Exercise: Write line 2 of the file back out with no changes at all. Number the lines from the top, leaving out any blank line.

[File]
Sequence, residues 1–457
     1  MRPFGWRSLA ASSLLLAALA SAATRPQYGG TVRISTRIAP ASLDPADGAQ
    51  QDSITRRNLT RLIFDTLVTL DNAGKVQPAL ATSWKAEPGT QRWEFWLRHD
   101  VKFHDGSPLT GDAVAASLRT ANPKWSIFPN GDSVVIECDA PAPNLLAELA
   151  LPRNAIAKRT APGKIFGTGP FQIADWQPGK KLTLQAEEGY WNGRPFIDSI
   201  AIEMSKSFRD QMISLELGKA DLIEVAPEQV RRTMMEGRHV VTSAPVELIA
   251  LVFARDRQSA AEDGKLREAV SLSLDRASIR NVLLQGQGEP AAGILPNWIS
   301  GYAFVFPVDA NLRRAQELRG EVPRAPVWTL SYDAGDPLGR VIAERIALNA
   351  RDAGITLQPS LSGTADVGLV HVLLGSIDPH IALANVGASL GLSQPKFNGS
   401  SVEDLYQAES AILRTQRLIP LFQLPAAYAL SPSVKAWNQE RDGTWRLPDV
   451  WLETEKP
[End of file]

     1  MRPFGWRSLA ASSLLLAALA SAATRPQYGG TVRISTRIAP ASLDPADGAQ